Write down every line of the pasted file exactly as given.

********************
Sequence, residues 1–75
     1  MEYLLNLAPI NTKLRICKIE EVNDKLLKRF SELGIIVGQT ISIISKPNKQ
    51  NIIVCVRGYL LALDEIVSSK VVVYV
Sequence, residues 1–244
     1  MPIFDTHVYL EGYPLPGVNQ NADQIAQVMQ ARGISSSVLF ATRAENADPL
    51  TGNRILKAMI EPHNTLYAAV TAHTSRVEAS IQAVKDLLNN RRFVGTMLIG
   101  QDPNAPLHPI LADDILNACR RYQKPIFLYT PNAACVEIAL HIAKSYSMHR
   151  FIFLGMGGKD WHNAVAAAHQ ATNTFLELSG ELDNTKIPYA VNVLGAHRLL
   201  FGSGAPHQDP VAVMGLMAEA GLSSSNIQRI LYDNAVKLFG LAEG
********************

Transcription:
Sequence, residues 1–75
     1  MEYLLNLAPI NTKLRICKIE EVNDKLLKRF SELGIIVGQT ISIISKPNKQ
    51  NIIVCVRGYL LALDEIVSSK VVVYV
Sequence, residues 1–244
     1  MPIFDTHVYL EGYPLPGVNQ NADQIAQVMQ ARGISSSVLF ATRAENADPL
    51  TGNRILKAMI EPHNTLYAAV TAHTSRVEAS IQAVKDLLNN RRFVGTMLIG
   101  QDPNAPLHPI LADDILNACR RYQKPIFLYT PNAACVEIAL HIAKSYSMHR
   151  FIFLGMGGKD WHNAVAAAHQ ATNTFLELSG ELDNTKIPYA VNVLGAHRLL
   201  FGSGAPHQDP VAVMGLMAEA GLSSSNIQRI LYDNAVKLFG LAEG